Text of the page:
“I find it quite boring that if a company creates one thing that sells really well then obviously the company is going to work on almost similar types of things to make more profit, I can’t deny the fact that people work on sequels. After all, it’s a business. But at the same time, in the past decade or so, I’ve only seen most companies working on the safe side making more sequels.”
The opposing ideologies between Takashi and his superiors would lead to further conflict down the road, but upon its release, We Love Katamari improved on the original game in every possible way. Unfortunately, the success of the first two games ultimately set it up for failure. Upon completion of We Love Katamari, Takahashi announced he was leaving the Katamari series to start fresh, and create a new IP based on the lessons he had learned from his first two games. Under his lead, Namco had published their most creative game in years but set a dangerous precedent for what could justify a sequel. As it turns out, they weren’t trying to reinvent the wheel. The process of creating a continuation of any form of art is difficult enough, as developers must walk the excruciatingly examined,fine line between altering too much and not progressing enough. Without a director with such a clear sense of innovation, Namco became content with simply remaking the same content on different platforms.
And so began the series’ slow fall from relevance. Between 2006 and 2016, a total of ten games bearing the Katamari name were released, to varying degrees of success. As indicated by Metacritic, there has been a noticeable drop in quality as the games’ refusal to adapt becomes increasingly apparent with each reiteration of Takahashi’s once praised game. Console releases such as Beautiful Katamari and Katamari Forever tried to modernize the series, touting bare-bones online components and high definition formats as though they were actually contributing something of value to the franchise or being remotely innovative. Beautiful Katamari suffered from an astoundingly small amount of content while Katamari Forever was, contrastingly, filled to the brim with reused levels and rehashed ideas. As starting points to the series, both games get the job done, but will remain mediocre overall. Meanwhile, Me & My Katamari and Touch My Katamari appeared on the PSP and Vita respectively. Both were not received well compared to their console releases due to hardware constraints and general lack of ambition (though the Vita game did, admittedly, attempt to introduce a new mechanic by using the back touchpad to resize your katamari). Where the series really faltered was attempting to port the series to mobile phones and eventually smart phones. Given the technological limitations of older phones, these were obviously downgrades from the main series and were received even more poorly than the PSP games.
My original contender for “worst game in the series” was originally Katamari Amore due to its atrocious controls, “free” two-minute time attack demo, and the fact that it had the gall to charge four dollars for six levels. Luckily for those developers, Tap My Katamari fumbled its way onto iPhones in January 2016 and somehow managed to be representative of almost everything wrong with mobile gaming and the large publishers who hope they can bleed a franchise dry by slapping its name on an existing clone. Despite the fact that I literally played Tap My Katamari for like two hours, I’m still unconvinced that it’s not a super self-aware parody of every gamer’s worst nightmare when mobile gaming started to become profitable. Games such as these just seem beyond criticism. It’s an infinite clicker/tapper/swiper/presser or whatever unholy name you can think of to describe this type of “game” (if you can call it one.) To add insult to injury, Namco also saw fit to put microtransactions into the game for any masochists who feel like losing money but are too lazy to get up and physically burn it. I can almost see how games like this can be relaxing or satisfying in some sort of capacity, but I’ll openly judge anybody who spends money on this.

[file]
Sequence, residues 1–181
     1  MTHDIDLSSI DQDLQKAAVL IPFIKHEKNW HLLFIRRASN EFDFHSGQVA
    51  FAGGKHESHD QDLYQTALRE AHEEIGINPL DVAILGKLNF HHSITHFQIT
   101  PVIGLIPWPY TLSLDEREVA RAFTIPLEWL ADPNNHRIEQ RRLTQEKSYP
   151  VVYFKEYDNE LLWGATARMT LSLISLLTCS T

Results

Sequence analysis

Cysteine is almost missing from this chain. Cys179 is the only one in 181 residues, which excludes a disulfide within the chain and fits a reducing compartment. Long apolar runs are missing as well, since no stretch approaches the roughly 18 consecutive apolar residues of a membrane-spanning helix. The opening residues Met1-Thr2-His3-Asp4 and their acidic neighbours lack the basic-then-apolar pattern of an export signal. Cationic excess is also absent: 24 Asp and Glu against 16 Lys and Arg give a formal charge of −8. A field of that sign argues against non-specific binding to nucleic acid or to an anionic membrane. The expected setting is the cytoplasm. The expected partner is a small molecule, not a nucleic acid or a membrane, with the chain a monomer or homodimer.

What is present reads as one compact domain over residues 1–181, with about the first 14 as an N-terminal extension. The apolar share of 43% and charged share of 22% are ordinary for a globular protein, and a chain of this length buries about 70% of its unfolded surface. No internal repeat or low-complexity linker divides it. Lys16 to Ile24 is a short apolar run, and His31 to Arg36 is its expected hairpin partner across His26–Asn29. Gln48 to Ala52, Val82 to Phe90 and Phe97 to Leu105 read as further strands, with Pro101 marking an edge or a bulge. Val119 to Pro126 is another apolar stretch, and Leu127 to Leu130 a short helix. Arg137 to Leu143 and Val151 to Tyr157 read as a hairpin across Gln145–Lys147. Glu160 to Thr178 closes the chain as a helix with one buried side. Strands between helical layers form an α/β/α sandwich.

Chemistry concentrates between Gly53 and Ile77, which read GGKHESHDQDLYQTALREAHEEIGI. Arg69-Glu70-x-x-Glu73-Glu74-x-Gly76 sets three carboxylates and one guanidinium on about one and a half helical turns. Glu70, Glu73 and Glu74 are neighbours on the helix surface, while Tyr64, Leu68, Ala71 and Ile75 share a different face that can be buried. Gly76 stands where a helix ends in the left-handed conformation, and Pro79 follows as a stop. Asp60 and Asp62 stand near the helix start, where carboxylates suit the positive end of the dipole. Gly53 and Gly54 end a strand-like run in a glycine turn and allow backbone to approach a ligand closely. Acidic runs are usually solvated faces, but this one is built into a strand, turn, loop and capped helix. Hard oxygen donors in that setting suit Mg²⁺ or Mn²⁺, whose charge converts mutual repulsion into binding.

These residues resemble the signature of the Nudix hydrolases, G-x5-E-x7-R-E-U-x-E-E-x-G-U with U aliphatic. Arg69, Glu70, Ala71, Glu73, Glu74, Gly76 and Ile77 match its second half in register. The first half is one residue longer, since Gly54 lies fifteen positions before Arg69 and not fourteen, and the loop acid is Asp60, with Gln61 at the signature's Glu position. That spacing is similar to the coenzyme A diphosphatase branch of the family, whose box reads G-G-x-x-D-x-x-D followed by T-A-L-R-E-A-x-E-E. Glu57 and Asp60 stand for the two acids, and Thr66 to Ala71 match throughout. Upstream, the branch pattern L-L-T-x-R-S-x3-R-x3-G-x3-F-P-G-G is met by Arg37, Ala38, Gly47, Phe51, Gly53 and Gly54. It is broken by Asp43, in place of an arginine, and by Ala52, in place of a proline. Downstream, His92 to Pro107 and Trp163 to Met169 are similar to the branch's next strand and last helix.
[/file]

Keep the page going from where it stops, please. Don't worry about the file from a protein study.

With all this being said, the majority of the games made without Takahashi are not “bad” video games, they are simply games that make little to no advancements to a series that was once heralded for its innovation. For any newcomer to the series, several of the recent Katamari games are perfectly serviceable and likely to be considered unique from their perspective. Even I must admit, I enjoy playing some of these sequels for the sake of nostalgia. Sadly, by continuing to support a franchise in this situation, we are negatively impacting the industry as a whole. By simply settling for mediocrity, we are not only encouraging larger corporations to continuously get away with releasing games with the bare minimum of improvements but discouraging future developers from innovating out of fear that their new idea won’t find an audience.
With the continuing advancement of information and communication technologies, the public discourse on gaming has become more open and complex than ever. Without exception: at some point, at some time, every conceivable opinion has, is, or will be disputed by multiple sides who all firmly believe they are solely on the right. The question of whether or not the current trend of remakes, reboots and sequels are ultimately bad for an industry may never be definitively answered. Regardless, we must accept that if big franchises like Call of Duty and Madden can be collectively criticized for refusing to evolve, all games must be objectively judged with the same level of scrutiny. Even if they are games we love.